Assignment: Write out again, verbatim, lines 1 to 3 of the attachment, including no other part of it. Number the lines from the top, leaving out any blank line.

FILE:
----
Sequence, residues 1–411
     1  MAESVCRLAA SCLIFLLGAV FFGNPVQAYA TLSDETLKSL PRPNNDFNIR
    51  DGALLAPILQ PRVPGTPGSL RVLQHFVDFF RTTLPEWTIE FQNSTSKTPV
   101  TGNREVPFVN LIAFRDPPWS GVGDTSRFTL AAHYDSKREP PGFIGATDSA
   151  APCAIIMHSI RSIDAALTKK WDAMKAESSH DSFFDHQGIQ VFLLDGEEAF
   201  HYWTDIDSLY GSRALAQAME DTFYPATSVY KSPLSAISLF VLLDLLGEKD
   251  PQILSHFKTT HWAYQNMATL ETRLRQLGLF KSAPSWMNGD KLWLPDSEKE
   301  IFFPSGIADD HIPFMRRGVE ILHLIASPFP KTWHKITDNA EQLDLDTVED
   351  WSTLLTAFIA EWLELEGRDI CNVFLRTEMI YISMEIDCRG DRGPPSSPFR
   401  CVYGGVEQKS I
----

Sequence, residues 1–411
     1  MAESVCRLAA SCLIFLLGAV FFGNPVQAYA TLSDETLKSL PRPNNDFNIR
    51  DGALLAPILQ PRVPGTPGSL RVLQHFVDFF RTTLPEWTIE FQNSTSKTPV